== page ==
Solar Panels VS The Cold
Welcome to the first post of our 4 part Winter Solar series! Each week we will be busting some myths about solar panels in the winter time. This week’s topic: How do solar panels perform in the cold?
Canada is known as the Great White North, and for good reason. We have long, cold ,dark and snowy winters for a large portion of the year. And in some cities, such as Ottawa, temperatures can drop down to -40 degrees Celsius or less! How do extreme temperatures like this affect the productivity of solar panels?
First, it is good to give a brief explanation of how solar panels work. Despite the fact that solar panels collect energy from the sun, it is not the heat from the sun that gets converted to electricity, it is the sun’s light (electromagnetic radiation). The temperature of the air does not affect the amount of electromagnetic radiation that hit the earth and so the amount of convertible energy is never reduced by cold air. In fact, just like most other types of machinery, solar panels actually work better, and therefore more efficiently, in cooler temperatures when compared to warmer temperatures.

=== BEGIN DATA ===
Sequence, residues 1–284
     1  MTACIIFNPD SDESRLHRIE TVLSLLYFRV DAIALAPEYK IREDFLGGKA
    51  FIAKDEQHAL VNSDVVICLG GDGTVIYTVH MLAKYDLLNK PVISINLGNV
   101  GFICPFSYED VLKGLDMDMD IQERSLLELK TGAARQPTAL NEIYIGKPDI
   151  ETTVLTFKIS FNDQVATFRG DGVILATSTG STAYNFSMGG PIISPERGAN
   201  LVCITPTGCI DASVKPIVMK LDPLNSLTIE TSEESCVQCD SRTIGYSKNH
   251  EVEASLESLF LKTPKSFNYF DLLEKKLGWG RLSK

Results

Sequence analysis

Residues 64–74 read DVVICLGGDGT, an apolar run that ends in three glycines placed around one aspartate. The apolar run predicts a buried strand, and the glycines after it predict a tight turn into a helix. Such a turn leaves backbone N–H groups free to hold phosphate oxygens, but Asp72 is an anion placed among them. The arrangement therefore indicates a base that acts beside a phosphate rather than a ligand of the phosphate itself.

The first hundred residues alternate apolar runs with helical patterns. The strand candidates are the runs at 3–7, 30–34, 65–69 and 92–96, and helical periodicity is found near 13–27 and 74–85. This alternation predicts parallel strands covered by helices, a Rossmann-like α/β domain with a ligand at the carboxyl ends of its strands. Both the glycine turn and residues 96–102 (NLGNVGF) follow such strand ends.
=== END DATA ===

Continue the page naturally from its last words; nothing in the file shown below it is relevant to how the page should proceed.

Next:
When it comes to the cold, solar panels work just as well, if not better at converting sunlight into renewable energy for your home.
Tune in next week for part 2 of our Winter Solar series! We will be discussing how snowfall affects solar production. However, if you don’t want to wait until next week to learn more about solar in the winter time, we’ve got a great post about it here.
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